You could also try to limit the results you get if there are too many for debugging purposes. You can limit string output by attaching a subscript modifier to the end, for example:

print secondfile.read()[:n]

If n = 100 it will limit the output to 100 characters.

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if your code is actually indented as showed in the post, the write is working fine. But if it is failing, the write call may be outside the inner for loop.

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Just to make sure I wasn't really missing something, I tested the code and it worked fine for me. Maybe you could try continue for everything but one specific filename and then check the contents of temp.out after that.

import os

for filename in os.listdir("."):
    if filename != 'findme.txt': continue
    print 'Processing', filename
    file1 = open(filename,'r')
    secondfile = open("temp.out",'w')
    print filename
    for line in file1:
        line2 = line.replace('mrddb2.','shpdb2.')
        line3 = line2.replace('MRDDB2.','SHPDB2.')
        print 'About to write:', line3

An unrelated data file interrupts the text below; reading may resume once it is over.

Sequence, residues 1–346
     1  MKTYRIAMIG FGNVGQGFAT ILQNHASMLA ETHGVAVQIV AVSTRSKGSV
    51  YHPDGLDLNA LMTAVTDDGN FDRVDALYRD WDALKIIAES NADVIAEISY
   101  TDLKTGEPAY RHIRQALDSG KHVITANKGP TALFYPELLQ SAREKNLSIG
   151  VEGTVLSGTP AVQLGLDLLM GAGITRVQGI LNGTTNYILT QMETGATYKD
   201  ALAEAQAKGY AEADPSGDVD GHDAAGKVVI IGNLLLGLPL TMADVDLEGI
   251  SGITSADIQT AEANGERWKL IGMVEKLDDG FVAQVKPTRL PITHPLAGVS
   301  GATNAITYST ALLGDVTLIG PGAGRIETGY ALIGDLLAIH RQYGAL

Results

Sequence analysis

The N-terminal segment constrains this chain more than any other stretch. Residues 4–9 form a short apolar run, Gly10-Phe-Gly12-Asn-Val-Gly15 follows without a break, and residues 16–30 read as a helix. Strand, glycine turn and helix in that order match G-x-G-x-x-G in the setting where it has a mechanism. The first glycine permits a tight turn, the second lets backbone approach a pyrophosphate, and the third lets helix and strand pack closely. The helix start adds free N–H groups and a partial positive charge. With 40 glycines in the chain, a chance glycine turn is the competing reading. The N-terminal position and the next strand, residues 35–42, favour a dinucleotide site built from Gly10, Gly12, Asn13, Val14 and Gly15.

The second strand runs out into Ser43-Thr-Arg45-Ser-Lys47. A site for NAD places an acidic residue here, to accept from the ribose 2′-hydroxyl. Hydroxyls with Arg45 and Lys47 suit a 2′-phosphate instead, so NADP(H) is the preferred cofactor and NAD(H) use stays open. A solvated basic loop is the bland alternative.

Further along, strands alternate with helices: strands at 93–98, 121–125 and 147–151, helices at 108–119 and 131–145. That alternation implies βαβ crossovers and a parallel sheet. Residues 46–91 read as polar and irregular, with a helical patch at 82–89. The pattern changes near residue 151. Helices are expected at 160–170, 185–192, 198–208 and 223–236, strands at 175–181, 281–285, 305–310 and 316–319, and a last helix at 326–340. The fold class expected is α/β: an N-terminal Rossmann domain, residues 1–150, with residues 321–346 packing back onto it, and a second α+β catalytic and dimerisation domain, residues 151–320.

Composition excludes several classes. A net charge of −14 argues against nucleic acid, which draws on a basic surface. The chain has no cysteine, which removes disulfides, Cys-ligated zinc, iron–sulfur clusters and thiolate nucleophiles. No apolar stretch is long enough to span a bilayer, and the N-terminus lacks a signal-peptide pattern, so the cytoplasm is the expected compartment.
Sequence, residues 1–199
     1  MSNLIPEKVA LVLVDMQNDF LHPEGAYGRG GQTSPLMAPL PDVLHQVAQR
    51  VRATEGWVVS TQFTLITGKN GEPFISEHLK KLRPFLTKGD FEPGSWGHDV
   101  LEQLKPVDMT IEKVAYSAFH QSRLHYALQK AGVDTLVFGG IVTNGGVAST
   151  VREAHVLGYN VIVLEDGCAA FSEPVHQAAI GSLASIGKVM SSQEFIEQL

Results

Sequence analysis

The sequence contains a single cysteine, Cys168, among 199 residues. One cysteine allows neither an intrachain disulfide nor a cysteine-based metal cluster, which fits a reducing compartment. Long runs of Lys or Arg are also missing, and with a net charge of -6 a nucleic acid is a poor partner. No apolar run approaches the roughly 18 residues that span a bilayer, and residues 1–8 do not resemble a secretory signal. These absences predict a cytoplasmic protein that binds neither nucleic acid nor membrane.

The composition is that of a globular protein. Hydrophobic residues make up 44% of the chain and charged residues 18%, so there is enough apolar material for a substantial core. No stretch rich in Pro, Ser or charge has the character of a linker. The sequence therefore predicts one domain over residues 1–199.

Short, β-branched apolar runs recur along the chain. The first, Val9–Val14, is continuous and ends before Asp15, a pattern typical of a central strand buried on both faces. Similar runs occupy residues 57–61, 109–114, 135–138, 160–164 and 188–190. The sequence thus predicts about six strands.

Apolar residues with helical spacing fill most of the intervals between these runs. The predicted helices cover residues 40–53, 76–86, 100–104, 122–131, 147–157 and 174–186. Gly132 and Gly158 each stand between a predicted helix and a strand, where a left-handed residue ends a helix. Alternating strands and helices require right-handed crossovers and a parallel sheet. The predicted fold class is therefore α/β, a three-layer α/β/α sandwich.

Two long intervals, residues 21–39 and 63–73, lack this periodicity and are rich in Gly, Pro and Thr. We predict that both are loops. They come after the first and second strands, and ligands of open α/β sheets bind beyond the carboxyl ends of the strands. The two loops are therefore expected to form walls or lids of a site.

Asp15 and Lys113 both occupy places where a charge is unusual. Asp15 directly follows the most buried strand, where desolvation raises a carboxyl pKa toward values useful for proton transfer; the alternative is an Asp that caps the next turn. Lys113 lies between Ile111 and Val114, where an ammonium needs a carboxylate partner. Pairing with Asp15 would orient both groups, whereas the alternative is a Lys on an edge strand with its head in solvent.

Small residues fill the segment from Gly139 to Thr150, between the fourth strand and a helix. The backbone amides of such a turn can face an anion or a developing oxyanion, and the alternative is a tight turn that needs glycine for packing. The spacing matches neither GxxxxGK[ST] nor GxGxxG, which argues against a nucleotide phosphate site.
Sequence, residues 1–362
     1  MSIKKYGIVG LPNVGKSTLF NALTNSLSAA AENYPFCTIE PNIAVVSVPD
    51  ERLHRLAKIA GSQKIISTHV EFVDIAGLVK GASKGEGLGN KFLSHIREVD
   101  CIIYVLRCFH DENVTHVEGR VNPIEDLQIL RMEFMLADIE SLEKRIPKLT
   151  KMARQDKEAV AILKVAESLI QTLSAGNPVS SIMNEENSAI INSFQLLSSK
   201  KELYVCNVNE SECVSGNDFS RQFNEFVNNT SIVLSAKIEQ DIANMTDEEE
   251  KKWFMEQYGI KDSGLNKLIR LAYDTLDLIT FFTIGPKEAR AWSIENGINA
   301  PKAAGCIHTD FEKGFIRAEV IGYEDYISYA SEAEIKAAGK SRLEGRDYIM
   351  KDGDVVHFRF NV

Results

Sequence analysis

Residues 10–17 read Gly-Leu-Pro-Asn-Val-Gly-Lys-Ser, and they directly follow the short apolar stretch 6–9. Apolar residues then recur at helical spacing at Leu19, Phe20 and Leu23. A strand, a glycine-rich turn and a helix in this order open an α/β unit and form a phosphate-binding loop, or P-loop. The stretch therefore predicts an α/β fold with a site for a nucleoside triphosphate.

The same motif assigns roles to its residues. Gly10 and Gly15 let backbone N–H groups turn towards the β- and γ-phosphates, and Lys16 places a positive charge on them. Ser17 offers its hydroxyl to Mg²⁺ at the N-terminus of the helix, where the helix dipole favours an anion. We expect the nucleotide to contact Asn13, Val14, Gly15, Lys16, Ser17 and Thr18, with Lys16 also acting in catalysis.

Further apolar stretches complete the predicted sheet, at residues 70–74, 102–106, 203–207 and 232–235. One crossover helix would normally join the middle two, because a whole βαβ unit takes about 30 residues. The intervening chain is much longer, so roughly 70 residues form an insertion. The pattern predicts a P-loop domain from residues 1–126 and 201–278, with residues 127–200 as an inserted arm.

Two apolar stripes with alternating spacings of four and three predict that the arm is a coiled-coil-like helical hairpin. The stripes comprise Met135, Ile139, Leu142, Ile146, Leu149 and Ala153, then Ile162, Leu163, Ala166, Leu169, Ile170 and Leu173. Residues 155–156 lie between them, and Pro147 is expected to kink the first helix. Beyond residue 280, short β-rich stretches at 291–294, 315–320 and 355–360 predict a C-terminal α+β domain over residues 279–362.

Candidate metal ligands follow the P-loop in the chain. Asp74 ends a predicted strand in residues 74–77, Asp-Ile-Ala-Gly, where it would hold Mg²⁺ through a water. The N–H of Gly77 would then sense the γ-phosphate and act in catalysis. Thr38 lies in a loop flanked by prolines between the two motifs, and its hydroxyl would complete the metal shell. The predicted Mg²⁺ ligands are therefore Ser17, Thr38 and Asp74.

secondfile.write(line3)
    print 'Done with', filename
    file1.close()
    secondfile.close()

Also, as others have mentioned, you're just clobbering your temp.out file each time you process a new file. You've also imported shutil without actually doing anything with it. Are you forgetting to copy temp.out back to your original file?

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I noticed sometimes it will not print to file if you don't have a file.close after file.write.

For example, this program never actually saves to file, it just makes a blank file (unless you add outfile.close() right after the outfile.write.)

outfile=open("ok.txt","w")

fc="filecontents"

outfile.write(fc.encode("utf-8"))


while 1:

    print "working..."
share|improve this answer

@OP, you might also want to try fileinput module ( this way, you don't have to use your own temp file)

import fileinput
for filename in os.listdir("."):
    for line in fileinput.FileInput(filename,inplace=1):
        line = line.strip().replace('mrddb2.','shpdb2.')
        line = line.strip().replace('MRDDB2.','SHPDB2.')
        print line

set "inplace" to 1 for editing the file in place. Set to 0 for normal print to stdout

share|improve this answer

Firstly,

you have forgotten to copy the temp file back onto the original.

Secondly:

use sed -i or perl -i instead of python.

For instance:

perl -i -pe 's/mrddb2/shpdb2/;s/MRDDB2/SHPDB2/' *
share|improve this answer
    
Why was I bumped for this reply? Have I violated a rule by recommending a different language? –  Alex Brown Jun 11 '09 at 23:15
1  
Alex, it's pretty obvious this is a Python-specific question (either for a course or just general edification). Obviously sed is more generally useful. –  Matthew Flaschen Jun 11 '09 at 23:22
    
Hang on, the first sentence is: I'm trying to replace a string in all the files within the current directory If someone in my workplace said this, I would tell them what I would do - perl. –  Alex Brown Jun 11 '09 at 23:28